The use for tooth picks still isn't over! I actually use them to help me with decorating as well. When piping on thin details or letters, tooth picks can help me correct mistakes. Sometimes I don't like a letter, or want to move something. You can take a tooth pick and gently pick up the letter or detail. Trying to do it with your hand, or something larger, usually smashes some of the icing. But the small point of the tooth pick is perfect for moving and removing piped details!
Disposable, sealable bags, such as Ziplocs, are great for piping. I usually use piping bags, as they work a little better, but I have used these bags many times. I've been known to be in the middle of decorating and realize I'm going to run out of bags. Instead of making a frantic trip to the store, I just use one of these Ziplocs. Also, if I'm just needing a thin tip, sometimes I will use a Ziploc instead, with the corner just barely cut out. This saves me from having to use/clean the tip (anyone else have trouble losing those occasionally?!).
Piping on antennae using a Ziploc bag with no tip
5. Pizza Cutter and Exacto Knife
There are specific tools out there for cutting fondant. But, sometimes I still have trouble with them being a little dull for what I need. For tracing items, I find that an Exacto knife works great. It's best, though, to have one that is just for fondant. In order to be food safe, you don't want to be cutting other things with the knife.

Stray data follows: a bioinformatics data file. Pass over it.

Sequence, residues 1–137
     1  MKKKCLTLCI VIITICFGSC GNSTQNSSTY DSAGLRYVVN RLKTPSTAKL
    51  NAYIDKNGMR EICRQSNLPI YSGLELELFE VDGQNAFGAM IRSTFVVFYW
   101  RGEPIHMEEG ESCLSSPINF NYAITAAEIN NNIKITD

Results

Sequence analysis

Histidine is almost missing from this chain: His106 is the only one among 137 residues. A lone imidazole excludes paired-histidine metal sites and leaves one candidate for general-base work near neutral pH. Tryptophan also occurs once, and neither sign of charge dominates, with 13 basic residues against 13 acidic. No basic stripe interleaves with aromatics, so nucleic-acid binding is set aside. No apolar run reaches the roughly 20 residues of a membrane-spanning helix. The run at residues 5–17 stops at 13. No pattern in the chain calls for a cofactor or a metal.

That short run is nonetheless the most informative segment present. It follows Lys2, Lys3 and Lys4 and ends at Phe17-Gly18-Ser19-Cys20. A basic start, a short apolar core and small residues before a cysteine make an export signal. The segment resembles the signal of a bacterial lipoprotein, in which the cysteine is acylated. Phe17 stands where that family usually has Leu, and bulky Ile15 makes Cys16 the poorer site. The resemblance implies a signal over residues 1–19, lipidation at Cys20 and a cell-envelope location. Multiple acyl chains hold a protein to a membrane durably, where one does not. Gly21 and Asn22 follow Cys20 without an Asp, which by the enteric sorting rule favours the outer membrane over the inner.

For long thin strips of fondant, or a large piece with a flat side, I find a pizza cutter works great. It is sharper than some of the similar fondant tools, allowing you to get a clean, sharp edge.
Bonus item - Vodka
Ok...so maybe you don't have this laying around the house. That's why I added it on as a bonus one. My husband and I actually don't drink, so we never have Vodka on hand. I just had to include this one, though, because I think it is pretty crazy. Believe it or not, Vodka actually does have a use in fondant work! It's common to paint or draw on fondant with edible ink. Vodka actually works as a great eraser. You can "erase" ink off fondant by painting a small bit of Vodka over the ink. It will dry clear and takes off the unwanted design. I wouldn't use it to erase large sections, but for smudges and small mistakes it works great. I used this technique in a cake decorating group I belonged to in my old town. I was a little skeptical at first, but it works well. It would be a bit pricey to buy just for that, but if you have some laying around it could be used for fondant!
Hope you enjoyed these tips and tricks! Check back Wednesday as I am sharing a refreshing (and delicious) key lime pie recipe. As always, make sure and follow me on social media (or follow my blog) to keep up with all my latest recipes and projects.